All seafood is high in protein but not quite as high as poultry or red meat. On the average, 19 percent of seafood is protein. Shellfish meat contains a little less protein, with an average of 16 percent. In a serving size of 4 ounces (110 g), this translates to 22 grams of protein for fish and 18 grams of protein for shellfish. Seafood is also very high in minerals and vitamins. It contains a little less cholesterol than meat or chicken. The average fish has about the same amount of cholesterol as a lean piece of beef or a skinless chicken breast. A serving of 4 ounces (110 g) of seafood only contains between 50 and 80 milligrams of cholesterol. If you're watching your cholesterol intake, be aware of these exceptions (all given for 4-ounce or 110 g servings): Lobster 106 mg
Crayfish 157 mg
Shrimp 173 mg
Squid 263 mg
The real health benefit of eating seafood is its much lower saturated fat content. Seafood contains high polyunsaturated fatty acid (called omega-3), which nutritionists consider important for people susceptible to heart and blood pressure problems. Even though many people switched to seafood for that reason, more recent research published in 1997 disputed the cardiac benefits of omega-3 fatty acids. Nevertheless, seafood is still a good, healthy fare.
It is harder to determine how much fat is in a serving of seafood than in the meat of domesticated land animals. The animals we raise are on controlled diets so the fat content of the meat or seafood that reaches our plates is fairly constant for a specific cut of meat. That's not true for seafood they catch in the wild. The same species of fish can vary considerably in the amount of fat depending what the fish have been eating or the life cycle they are in. The cod steaks you bought three months ago may have been very lean, but when you look at cod in the supermarket today, you see a layer of fat between the skin and the flesh. What we know as a lean fish may be much fatter just before spawning season. Herring, for instance, may contain only 5 percent fat one season but 15 percent in another. In general, farm-raised seafood has slightly higher overall fat content than the same species caught in the wild and does not very with its life cycle.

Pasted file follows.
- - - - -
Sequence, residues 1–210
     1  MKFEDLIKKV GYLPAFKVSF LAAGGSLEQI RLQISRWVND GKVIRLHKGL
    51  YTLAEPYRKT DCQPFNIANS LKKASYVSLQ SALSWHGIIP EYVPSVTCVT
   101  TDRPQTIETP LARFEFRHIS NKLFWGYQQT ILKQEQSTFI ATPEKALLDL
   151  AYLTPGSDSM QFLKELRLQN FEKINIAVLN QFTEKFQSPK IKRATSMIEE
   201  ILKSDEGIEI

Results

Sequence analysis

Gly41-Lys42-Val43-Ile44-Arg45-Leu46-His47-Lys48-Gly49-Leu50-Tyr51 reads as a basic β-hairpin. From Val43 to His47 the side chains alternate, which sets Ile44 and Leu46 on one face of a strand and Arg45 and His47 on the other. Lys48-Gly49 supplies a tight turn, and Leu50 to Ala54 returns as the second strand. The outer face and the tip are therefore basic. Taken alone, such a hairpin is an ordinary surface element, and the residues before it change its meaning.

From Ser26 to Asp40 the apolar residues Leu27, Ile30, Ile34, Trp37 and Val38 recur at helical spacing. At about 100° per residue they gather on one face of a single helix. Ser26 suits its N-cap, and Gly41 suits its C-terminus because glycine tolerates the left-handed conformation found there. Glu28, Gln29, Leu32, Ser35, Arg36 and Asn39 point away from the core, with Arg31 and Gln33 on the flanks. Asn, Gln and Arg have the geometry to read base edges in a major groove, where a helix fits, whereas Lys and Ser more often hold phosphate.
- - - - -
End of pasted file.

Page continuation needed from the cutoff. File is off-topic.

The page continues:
There is more fat stored in some parts of the fish than in others. The liver always contains a lot. Muscle, the fleshy part we eat, has fat within the fibers similar to marbling in beef. Fat also surrounds fish muscles, just like in red meats, but in lesser amounts. In red meat the surrounding fat is easy to see and you can trim it. In seafood it is harder to see and cut out because it is very similar in color and texture to the meat.
The good news is that, overall, seafood have less of the unhealthy type saturated fat, and more of the desirable type, polyunsaturated fat, than other meats, and that makes fish a "hot" item for people who are concerned about their fat intake and cholesterol levels. This isn't such good news for the cook, because it is polyunsaturated fat that makes fish spoil much faster than other meats. It turns rancid quickly.
Seafood also contains many important micronutrients, particularly iodine, that people living far inland used to lack before the days of iodized salt. The introduction of fish on Fridays, in fact, had significant health benefits in restoring the body's iodine needs, provided the fish was not from fresh-water source.
TASTINGS Is it oil or fat?
Some cookbooks use the term "oil" instead of "fat" when referring to fish, "oily fish" instead of "fatty fish." The only difference is in the spelling. They are both the same. The reality is that when you cook the fish, the fat in it melts and becomes oil.
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